CalPERS investment chief Ben Meng steps down from $400b pension fund

Photo: REUTERS/Max Whittaker

California Public Employees’ Retirement System (CalPERS) said late Wednesday Yu Ben Meng resigned as its chief investment officer and Dan Bienvenue, deputy chief investment officer, will become interim CIO.

The nation’s largest public pension fund, which manages pension and health benefits for more than 1.6 million California public employees, retirees and their families, said in a statement it will begin an immediate search for a permanent successor.

The statement did not disclose a reason for Meng’s departure and CalPERS declined to comment when contacted by Reuters.

Meng, who joined the fund in January 2019, is “resigning, effective August 5”, the statement said.

A U.S. citizen born in China, Meng has twice worked for CalPERS – the first time in 2008 and the second beginning in January 2019 when he became CIO managing $400 billion in investments, according to the CalPERS website.

Back in February, U.S. Representative Jim Banks of Indiana in a letter to California Governor Gavin Newsom called for an investigation into Meng, citing the CIO’s “cozy” relationship with Beijing and assailed the fund’s investments in Chinese companies.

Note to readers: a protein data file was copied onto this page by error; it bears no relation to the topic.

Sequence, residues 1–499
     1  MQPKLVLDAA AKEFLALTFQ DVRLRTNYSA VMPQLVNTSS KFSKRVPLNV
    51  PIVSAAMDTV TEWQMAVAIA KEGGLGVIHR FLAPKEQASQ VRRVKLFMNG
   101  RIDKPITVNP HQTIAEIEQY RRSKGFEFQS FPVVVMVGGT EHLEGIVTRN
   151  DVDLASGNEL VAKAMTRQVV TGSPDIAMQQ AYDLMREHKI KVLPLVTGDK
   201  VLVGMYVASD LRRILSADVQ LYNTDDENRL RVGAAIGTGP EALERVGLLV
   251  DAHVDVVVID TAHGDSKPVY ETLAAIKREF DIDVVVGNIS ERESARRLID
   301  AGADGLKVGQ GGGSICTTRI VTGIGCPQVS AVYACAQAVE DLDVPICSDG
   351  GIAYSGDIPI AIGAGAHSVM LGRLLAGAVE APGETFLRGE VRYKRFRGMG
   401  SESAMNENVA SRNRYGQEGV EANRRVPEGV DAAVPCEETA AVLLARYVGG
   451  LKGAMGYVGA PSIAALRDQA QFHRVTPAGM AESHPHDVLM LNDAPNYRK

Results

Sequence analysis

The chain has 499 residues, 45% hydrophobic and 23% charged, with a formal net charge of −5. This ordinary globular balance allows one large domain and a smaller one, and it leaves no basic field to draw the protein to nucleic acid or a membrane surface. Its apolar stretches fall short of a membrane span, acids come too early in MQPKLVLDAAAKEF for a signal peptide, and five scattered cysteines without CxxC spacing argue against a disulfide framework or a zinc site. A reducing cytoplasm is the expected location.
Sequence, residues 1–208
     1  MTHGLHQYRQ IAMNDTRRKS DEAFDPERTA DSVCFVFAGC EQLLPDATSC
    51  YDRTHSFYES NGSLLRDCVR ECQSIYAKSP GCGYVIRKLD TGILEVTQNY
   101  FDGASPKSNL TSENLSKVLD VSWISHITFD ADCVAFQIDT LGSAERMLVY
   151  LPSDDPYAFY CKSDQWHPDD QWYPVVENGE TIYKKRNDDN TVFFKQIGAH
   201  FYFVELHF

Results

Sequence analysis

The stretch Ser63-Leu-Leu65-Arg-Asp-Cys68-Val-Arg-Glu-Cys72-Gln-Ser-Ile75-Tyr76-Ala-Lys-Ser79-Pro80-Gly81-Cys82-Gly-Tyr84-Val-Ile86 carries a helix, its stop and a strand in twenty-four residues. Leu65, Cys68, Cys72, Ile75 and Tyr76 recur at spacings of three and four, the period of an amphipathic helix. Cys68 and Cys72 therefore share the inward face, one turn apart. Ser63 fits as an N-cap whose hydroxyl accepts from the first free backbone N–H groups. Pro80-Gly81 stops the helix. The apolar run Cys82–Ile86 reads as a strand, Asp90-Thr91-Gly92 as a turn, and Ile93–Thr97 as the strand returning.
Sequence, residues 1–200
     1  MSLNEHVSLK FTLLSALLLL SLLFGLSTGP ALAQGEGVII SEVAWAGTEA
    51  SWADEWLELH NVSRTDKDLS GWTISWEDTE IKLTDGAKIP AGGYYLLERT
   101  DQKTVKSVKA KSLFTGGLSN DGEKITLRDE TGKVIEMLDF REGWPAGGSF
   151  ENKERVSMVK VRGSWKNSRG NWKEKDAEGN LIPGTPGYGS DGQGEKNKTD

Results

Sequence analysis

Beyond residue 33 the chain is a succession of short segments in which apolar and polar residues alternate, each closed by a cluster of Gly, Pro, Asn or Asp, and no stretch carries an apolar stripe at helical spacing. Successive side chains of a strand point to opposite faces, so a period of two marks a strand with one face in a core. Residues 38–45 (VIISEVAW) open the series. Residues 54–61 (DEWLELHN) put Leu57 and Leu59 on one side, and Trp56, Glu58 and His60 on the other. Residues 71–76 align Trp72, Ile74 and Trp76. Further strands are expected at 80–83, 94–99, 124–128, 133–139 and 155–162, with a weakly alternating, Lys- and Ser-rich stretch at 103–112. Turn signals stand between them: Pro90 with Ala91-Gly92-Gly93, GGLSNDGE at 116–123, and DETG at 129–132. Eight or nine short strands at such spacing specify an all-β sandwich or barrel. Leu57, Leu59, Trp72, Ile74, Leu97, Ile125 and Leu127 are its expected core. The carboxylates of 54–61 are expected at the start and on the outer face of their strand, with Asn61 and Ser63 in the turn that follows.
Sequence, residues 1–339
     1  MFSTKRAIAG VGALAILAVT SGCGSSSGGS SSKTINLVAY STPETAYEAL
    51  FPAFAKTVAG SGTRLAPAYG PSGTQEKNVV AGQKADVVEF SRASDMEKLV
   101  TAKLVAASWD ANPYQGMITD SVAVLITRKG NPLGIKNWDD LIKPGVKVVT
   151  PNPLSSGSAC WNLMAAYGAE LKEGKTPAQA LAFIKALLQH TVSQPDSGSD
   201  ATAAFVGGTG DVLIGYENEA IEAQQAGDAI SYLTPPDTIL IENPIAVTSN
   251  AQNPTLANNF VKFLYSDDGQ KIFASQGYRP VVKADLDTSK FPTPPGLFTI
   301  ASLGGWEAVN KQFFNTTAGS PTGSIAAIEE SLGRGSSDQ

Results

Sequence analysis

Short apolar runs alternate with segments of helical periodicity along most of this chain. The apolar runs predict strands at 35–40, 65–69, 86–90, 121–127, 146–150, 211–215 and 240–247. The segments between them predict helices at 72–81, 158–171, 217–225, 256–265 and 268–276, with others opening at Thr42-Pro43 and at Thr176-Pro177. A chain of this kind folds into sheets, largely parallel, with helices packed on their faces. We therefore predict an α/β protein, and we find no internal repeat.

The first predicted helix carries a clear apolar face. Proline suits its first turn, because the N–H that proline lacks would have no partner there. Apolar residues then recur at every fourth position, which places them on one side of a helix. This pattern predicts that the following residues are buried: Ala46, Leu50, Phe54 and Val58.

Banks, who is a Republican, strongly urged California to fire Meng in the letter.

In defense of the allegations levelled against Meng, CalPERS Chief Executive Officer Marcie Frost said “this is a reprehensible attack on a U.S. citizen. We fully stand behind our chief investment officer who came to CalPERS with a stellar international reputation.”

In March, U.S. national security adviser Robert O’Brien said U.S. President Donald Trump’s administration is “looking at” investments in Chinese military companies by CalPERS.

Reuters

Singapore Reporter/s

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Following vacancies can be applied for (only in Singapore).   

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Singapore Reporter/s

In Singapore, we are looking to double our reporting team by this year-end to comprehensively cover the fast-moving world of funded startups and VC, PE & M&A deals. We want reporters who can tell our readers what is really happening in these sectors and why it matters to markets, companies and consumers. The ability to write precisely and urgently is crucial for these roles. Ideal candidates must have to ability to work in a collaborative, dynamic, and fast-changing environment. We want our new hires to be digitally savvy and ready to experiment with new forms of storytelling. Most importantly, we are looking for hard-hitting reporters who work well in a team. Collaboration and collegiality are a must.

Following vacancies can be applied for (only in Singapore).

Following vacancies can be applied for (only in Singapore).   

  • A reporter to track companies/startups that have raised private capital, and have the potential to become unicorns. SEA currently has over 40 companies with a valuation of over $100 million and under $1 billion.
  • A reporter who can get behind the scenes and reveal how funding rounds are put together, or why they’ve failed to materialise. She/he in this role will largely focus on long-format stories. 
  • A journalist to track special situations funds, distressed debt and private credit (from the PE angle) across Asia.